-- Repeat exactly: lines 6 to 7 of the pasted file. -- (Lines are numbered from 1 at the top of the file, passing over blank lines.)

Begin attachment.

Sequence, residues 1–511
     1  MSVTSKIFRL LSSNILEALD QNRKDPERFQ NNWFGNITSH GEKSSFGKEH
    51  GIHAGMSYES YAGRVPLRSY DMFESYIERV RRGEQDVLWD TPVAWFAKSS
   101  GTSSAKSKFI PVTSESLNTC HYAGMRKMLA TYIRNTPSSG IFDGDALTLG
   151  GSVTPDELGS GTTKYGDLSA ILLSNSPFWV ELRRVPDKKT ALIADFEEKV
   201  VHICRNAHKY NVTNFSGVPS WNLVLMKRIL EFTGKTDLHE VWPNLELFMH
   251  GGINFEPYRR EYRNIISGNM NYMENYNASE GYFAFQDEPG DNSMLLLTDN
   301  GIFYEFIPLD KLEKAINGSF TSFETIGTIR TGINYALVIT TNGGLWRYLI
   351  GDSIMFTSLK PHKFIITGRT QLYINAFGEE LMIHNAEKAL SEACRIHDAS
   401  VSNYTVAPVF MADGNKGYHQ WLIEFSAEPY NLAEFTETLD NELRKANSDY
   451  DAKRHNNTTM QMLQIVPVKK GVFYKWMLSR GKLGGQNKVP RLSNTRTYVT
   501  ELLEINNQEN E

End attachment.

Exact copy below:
   201  VHICRNAHKY NVTNFSGVPS WNLVLMKRIL EFTGKTDLHE VWPNLELFMH
   251  GGINFEPYRR EYRNIISGNM NYMENYNASE GYFAFQDEPG DNSMLLLTDN